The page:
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What happens when you’re responsible for both cost and profit centers? This is where things get a little tricky and while it can be done, will entail a lot of giving and take in the way you design your course. Design, development, and delivery will all have to be looked at differently. Starting by developing both a cost and profit strategy separately and then looking at how the two can be merged together will save you a lot of frustration and make things much easier when putting your final training together.

 

3. Are You Working with Fixed or Dynamic Content?

Different content is going to require different needs. Are you planning on working with fixed or dynamic content? Knowing and understanding this will make all the difference when you put together the training strategy that works for you.

If you’re putting together training that highlights how to make the perfect chocolate chip cookie, it’s not likely that this is going to change very much. If however, you’re training employees on how to use new software you’re looking at some dynamic content that often changes quickly. This is where you must become more adaptable in your training strategy to meet the changes that come with this type of training.

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When working with dynamic content, using an iterative development model will allow you to offer your training while still designing training improvements. As we all know dynamic content can change quickly and being on top of the game here is key. It’s all too often that weeks are spent developing training modules and then find updates are necessary the day before you decide to launch. Make sure you’ve got the ability to meet these changes by using an iterative development model and you’ll be sure to rise above the demands quickly changing technology offers.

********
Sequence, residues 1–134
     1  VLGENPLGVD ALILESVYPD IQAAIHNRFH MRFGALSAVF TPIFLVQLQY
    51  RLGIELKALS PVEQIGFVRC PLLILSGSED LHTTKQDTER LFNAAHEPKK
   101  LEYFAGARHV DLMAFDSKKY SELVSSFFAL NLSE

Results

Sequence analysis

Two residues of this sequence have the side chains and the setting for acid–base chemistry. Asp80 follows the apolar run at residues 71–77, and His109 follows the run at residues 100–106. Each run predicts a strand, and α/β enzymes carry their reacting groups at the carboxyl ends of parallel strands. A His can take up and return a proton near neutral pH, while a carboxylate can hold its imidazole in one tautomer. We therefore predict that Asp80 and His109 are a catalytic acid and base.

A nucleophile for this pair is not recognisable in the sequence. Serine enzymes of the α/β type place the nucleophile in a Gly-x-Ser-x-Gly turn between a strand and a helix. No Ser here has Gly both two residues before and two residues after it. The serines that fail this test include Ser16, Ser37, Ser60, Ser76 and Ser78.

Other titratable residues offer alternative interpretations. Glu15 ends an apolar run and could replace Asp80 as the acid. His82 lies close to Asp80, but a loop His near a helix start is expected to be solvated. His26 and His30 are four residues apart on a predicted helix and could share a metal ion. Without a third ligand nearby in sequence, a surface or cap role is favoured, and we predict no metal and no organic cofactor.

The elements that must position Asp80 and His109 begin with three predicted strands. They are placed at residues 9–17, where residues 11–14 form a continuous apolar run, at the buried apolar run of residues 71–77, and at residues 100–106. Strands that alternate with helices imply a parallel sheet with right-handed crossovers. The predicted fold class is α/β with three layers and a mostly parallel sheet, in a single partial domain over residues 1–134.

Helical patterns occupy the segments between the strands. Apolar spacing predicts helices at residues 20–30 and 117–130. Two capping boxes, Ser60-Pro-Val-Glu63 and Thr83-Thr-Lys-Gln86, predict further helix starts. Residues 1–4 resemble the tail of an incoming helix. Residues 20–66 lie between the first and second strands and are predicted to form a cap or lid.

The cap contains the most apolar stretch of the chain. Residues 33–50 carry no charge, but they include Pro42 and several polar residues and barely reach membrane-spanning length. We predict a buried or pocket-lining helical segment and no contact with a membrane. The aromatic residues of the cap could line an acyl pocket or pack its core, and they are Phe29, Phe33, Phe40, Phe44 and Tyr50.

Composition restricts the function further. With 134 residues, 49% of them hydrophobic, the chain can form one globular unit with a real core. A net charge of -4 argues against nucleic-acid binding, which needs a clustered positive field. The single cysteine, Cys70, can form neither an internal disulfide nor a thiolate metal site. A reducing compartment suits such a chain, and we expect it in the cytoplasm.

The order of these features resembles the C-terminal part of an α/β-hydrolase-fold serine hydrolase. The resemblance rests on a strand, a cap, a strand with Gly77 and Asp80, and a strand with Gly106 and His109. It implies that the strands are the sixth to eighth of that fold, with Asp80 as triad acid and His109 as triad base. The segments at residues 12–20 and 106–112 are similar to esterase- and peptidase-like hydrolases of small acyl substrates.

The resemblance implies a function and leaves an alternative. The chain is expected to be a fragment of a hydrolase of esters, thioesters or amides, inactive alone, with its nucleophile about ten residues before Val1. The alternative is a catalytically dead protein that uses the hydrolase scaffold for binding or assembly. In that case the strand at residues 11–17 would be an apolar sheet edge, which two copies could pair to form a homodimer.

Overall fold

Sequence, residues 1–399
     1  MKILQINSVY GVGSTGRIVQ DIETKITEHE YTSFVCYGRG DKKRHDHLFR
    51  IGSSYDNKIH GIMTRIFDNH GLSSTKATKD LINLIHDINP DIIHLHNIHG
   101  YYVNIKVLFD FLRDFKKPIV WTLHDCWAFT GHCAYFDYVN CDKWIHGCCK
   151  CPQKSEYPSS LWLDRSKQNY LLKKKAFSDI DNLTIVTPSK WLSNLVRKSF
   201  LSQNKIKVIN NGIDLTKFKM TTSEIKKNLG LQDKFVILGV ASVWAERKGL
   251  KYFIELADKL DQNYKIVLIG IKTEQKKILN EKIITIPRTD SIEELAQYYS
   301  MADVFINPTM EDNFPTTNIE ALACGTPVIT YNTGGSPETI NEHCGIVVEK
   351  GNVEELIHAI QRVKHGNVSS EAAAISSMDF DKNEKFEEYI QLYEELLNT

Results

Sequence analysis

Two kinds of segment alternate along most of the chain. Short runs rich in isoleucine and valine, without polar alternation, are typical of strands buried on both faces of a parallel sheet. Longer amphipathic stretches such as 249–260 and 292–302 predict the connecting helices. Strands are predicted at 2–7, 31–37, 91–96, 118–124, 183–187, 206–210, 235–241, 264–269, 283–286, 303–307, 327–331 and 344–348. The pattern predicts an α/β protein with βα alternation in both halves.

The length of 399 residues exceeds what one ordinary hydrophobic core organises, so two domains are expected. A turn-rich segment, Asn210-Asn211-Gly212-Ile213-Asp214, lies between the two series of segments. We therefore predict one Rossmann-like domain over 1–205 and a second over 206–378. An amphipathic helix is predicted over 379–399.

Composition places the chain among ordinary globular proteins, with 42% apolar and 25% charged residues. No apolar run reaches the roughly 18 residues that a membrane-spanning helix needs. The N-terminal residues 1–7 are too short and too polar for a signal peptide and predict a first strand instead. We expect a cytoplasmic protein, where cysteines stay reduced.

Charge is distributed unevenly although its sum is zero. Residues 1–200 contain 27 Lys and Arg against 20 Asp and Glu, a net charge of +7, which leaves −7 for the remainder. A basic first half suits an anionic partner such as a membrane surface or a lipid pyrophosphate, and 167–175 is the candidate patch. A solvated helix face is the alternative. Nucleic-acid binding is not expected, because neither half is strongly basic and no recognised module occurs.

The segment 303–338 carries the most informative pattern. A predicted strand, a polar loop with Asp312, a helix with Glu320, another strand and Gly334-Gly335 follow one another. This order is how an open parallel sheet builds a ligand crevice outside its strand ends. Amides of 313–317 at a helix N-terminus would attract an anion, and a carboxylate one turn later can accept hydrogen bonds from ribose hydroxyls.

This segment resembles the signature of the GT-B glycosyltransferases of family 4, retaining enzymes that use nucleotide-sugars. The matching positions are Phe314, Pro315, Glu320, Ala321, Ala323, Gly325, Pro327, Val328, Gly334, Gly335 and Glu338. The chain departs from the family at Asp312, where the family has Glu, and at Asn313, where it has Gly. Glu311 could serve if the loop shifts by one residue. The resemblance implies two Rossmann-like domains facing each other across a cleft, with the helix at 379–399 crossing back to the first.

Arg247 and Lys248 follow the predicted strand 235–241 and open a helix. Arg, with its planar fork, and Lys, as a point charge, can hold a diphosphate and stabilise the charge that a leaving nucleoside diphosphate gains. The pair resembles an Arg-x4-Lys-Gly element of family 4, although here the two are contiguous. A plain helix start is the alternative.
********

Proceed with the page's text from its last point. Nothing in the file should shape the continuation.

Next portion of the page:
4. Are You Training from Scratch or Building Off Existing Training?

While starting a training course from scratch may seem like a dream come true, it’s often difficult to start with nothing to compare it to. This is why it is so imperative that you ask yourself these questions. They will set the course for which you build your entire training strategy and make your task much easier.

If you’re building off training that already exists, you’ll want to know what’s already been put to use. Are there certain processes and courses that are already used and have proved to be successful? Will you be working with existing employees? You must understand these aspects and figure out how to best keep them managed.

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If you’re building off existing training find out what works and what doesn’t. How will you cease what doesn’t work and implement something that does? It’s vital to figure this out before you design a training strategy with which you can move forward.

When looking to make your training a success, no matter who you’re training, it’s essential you ask yourself these four questions before you begin. Building a strong training strategy is necessary to ensure the success of your endeavors and can absolutely be done when you put these four fundamental questions in your mind from the get-go. Doing so will help meet your unique training needs and allow you to achieve the results you’re looking for no matter who your audience may be.